Voters’ decisions have always been subject to a lot of influences – peer groups, employers, unions, religious leaders, others. Old media too (‘It’s The Sun Wot Won It’ said one British newspaper of the election in which I was a candidate in 1992).  

It’s easier to influence (or manipulate) people’s emotions than it is to convince with facts and figures. And so: four reasons why that’s also easier on new media than old.

… but less transparent

Point one. Online messages are subject to much less scrutiny than those offline. In the past, political advertising and campaigning were transparent: advertisements and leaflets were published for all to see, which did a lot to keep what they had to say in bounds.  

There’s no such transparency in targeted messages, because they’re seen only by the individuals they’re sent to, not – crucially – by political opponents too. That makes it much easier to lie and smear, to abuse and sneer, to exploit racial and other community divisions. Who’ll get to know?

Point two. Attitudes to truth have changed. Democratic societies, Christopher Wylie, Cambridge Analytica whistleblower, puts it, ‘need a common understanding of reality.’ Populist politicians today are inclined to shout ‘fake news’ at anything, whether true or not. The ‘truth’ for their followers lies not in evidence but in who is saying something. You’re either with Fox News or you’re against it.

And the revenue-earning model of social media platforms, sadly, favours fear and anger over hope and compassion, outrage over accuracy. It’s the outrageous post that generates most clicks and most clicks that generate most revenue. Populist politicians have fed on this. The frontier between fact and fiction’s likely to be distorted further by fake videos which could become widespread within the next few years.

Point three. Much of this may be down to algorithms, but algorithms are being and will be manipulated by powerful actors, especially if they’ve access to the data that is used in psychographics. Those powerful actors may include traditional political parties and interest groups, but may also include foreign governments and criminals.

Point four. Expenditure controls have lost their meaning in elections. Most democracies have limited campaign expenditure in order to create a level playing field – to stop elections being bought by those who could pay for blanket advertising, for example. That could be monitored when campaigns were conducted offline and subject to transparency. It’s proved almost impossible to follow what money’s being spent and where online.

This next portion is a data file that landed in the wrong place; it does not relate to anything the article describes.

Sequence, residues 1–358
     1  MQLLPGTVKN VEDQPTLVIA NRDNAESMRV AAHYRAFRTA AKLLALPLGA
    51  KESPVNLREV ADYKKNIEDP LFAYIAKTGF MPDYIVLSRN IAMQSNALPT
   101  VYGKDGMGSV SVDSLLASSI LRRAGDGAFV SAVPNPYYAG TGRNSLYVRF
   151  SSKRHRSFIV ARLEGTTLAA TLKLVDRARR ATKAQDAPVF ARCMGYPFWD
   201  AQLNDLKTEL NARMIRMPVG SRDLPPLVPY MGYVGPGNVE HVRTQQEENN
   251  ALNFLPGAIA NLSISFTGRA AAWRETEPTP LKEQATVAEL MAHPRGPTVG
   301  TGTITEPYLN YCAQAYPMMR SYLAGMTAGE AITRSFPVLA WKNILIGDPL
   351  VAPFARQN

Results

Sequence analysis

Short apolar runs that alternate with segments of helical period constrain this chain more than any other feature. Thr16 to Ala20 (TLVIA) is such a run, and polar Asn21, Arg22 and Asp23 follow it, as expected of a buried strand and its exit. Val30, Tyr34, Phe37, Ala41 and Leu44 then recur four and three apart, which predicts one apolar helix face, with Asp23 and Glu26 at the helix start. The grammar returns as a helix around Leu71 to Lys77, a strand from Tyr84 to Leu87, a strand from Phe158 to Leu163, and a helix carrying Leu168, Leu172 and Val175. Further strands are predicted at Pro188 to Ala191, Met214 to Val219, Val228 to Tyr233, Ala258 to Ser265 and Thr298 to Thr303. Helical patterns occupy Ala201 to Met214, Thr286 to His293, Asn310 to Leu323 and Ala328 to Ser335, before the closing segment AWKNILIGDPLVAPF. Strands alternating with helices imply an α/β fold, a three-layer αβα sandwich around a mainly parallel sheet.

So what?

As often in these posts, I’m saying here that this is complex and that binary approaches to it are not going to work. I’ll end with three big problems that it raises.

First, big changes are taking place within the public sphere. We’d expected the Internet and social media would make politics more participative, more like a public meeting. Instead, we’ve seen more polarisation and aggression arise as social media’s displaced old media and public discourse. It’s opinions, rather than debates, that have been reinforced.

Second, elections are usually won and lost on small changes in voting, not on big ones. Micro-targetting’s especially effective in constituency systems. Donald Trump won three million fewer votes than Hilary Clinton in 2016, but he won the crucial states that made him president by tiny margins. His campaign focused on influencing critical voters in those states.

Third, the ways of democratic politics have changed in this age of social media. In the last few years, results suggest that's favoured populists who’ve exploited ways to trade on nationalist emotions. Liberal democrats need to find a way of counteracting this if the pendulum is to swing back.   

Election laws clearly need updating to meet new circumstances in the digital age, or they’ll be bypassed. New ways of engaging citizens need to be found. But platforms also need to recognise that the power and the data that they wield can be and have been abused. This requires new thinking on their part too about the responsibility that comes with power, rather than a weary shaking of the head.

Next week: some wider implications for Facebook, data protection and the Internet in general.

Image credit: A protest following the Cambridge Analytics and Facebook data scandal with Christopher Wylie and Shahmir Sanni. By Jwslubbock, via Wikimedia Commons

David Souter writes a weekly column for APC, looking at different aspects of the information society, development and rights. David’s pieces take a fresh look at many of the issues that concern APC and its members, with the aim of provoking discussion and debate. Issues covered include internet governance and sustainable development, human rights and the environment, policy, practice and the use of ICTs by individuals and communities. More about David Souter.